A frequent comment is that voting for a third party, for example the Libertarian Party or Green Party, rather than a major party is wasting your vote. This comment is mystifying. A vote in a national election is a waste regardless of the party for whom it is cast.

There are several arguments given in support of voting in national elections. One common argument is that a person can complain only if he voted. This makes no sense. If an individual voter can’t affect the outcome, it is hard to see why his voting should be necessary in order for him to complain. In addition, it is hard to see why a person needs control over something in order to have permission to complain. I wrong no one if I complain about the Bills’s passing game even though I have no say in the matter.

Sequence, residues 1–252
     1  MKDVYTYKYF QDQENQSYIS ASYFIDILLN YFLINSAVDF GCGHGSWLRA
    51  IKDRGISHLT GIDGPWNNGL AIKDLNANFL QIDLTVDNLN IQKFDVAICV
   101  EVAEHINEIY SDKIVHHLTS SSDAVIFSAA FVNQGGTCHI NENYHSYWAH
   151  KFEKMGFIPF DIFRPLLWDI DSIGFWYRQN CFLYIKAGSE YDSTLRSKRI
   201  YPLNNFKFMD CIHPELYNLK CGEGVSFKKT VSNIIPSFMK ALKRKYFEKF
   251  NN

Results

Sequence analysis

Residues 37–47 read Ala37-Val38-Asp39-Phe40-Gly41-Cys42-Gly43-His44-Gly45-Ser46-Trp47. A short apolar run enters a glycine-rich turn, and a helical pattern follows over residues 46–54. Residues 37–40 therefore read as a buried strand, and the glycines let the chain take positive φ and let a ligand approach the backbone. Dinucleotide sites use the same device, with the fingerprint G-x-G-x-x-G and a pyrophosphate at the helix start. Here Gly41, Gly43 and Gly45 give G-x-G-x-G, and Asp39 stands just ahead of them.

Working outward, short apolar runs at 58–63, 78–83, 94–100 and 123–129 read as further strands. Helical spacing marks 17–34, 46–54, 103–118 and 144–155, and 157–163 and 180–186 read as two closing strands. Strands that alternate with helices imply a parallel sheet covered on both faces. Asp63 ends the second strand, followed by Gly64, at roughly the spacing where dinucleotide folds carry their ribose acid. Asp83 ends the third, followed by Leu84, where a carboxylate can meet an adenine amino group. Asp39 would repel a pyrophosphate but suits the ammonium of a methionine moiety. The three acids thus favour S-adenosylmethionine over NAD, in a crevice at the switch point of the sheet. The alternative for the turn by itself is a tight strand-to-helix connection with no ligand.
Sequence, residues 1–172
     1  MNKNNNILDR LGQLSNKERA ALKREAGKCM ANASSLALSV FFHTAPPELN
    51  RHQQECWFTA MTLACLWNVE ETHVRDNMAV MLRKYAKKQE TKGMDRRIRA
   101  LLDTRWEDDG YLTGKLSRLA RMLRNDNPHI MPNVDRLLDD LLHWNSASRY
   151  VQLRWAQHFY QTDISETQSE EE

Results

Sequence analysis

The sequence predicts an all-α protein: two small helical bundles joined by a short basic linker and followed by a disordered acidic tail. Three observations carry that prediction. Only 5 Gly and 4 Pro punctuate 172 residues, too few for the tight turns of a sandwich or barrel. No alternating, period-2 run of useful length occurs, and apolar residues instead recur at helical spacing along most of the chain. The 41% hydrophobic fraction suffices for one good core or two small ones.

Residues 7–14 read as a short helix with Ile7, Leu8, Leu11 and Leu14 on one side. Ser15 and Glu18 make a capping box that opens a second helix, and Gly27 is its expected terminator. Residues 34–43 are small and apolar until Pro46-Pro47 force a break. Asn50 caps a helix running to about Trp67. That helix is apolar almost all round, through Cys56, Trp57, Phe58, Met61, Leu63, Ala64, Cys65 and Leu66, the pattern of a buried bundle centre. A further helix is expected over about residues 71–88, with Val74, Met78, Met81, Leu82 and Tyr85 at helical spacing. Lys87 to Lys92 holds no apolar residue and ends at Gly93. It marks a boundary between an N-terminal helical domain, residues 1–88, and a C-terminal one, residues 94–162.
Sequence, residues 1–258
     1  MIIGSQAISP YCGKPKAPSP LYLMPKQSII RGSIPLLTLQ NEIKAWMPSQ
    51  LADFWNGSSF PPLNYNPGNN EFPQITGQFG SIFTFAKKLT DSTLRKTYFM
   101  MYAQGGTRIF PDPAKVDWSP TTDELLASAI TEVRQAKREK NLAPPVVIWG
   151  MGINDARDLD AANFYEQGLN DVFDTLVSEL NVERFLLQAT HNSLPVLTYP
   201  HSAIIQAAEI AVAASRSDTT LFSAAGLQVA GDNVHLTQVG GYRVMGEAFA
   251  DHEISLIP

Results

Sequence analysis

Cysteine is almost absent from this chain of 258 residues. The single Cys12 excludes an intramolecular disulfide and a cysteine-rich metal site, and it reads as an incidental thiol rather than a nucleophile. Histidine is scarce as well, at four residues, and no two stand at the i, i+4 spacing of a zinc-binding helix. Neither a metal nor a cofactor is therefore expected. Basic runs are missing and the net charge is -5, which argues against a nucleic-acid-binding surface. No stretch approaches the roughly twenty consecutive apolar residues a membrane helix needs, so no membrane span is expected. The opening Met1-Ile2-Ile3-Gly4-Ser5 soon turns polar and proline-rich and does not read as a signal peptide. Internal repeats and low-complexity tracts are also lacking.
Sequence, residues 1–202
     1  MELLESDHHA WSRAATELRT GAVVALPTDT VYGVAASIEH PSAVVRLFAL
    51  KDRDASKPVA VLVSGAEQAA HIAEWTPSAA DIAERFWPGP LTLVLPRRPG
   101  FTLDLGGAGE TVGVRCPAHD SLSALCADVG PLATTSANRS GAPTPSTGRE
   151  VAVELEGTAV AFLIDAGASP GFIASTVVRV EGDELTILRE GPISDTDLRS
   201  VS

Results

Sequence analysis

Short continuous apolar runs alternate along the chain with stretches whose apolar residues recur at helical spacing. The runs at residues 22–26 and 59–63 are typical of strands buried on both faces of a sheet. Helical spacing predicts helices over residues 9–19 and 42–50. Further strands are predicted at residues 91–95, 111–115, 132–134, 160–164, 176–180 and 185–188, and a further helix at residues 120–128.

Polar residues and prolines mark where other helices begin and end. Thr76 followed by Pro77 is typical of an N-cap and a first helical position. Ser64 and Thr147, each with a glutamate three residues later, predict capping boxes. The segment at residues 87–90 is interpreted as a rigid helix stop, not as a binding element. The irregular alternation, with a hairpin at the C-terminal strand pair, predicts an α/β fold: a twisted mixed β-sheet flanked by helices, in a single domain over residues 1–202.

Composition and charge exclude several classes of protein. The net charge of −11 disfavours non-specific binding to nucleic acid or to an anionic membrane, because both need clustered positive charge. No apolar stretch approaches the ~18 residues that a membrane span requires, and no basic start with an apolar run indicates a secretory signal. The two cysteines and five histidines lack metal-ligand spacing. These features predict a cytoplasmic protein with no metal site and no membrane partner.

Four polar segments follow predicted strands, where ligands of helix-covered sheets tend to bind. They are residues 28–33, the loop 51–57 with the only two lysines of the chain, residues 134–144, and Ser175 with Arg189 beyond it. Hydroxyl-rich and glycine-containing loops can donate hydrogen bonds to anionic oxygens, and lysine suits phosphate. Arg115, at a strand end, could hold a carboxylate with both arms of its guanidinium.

A second argument is that this is selfish because soldiers died for our right to vote. This is a mistake. Because an individual’s vote makes no difference, dying for it makes even less sense. It’s just a tragic waste of life.

A third argument is that because we enjoy the benefits of democracy, it is only fair that we shoulder the burdens of it. The background idea is that voting in one of those burdens; serving in the military might be another. However, it is hard to see how an individual’s casting a vote supports democracy. In addition, it is not clear why the enjoyment of the benefits of some institution entails a duty to support it. For example, imagine someone who benefited from going to Cornell University, it doesn’t follow that he has a duty to support it.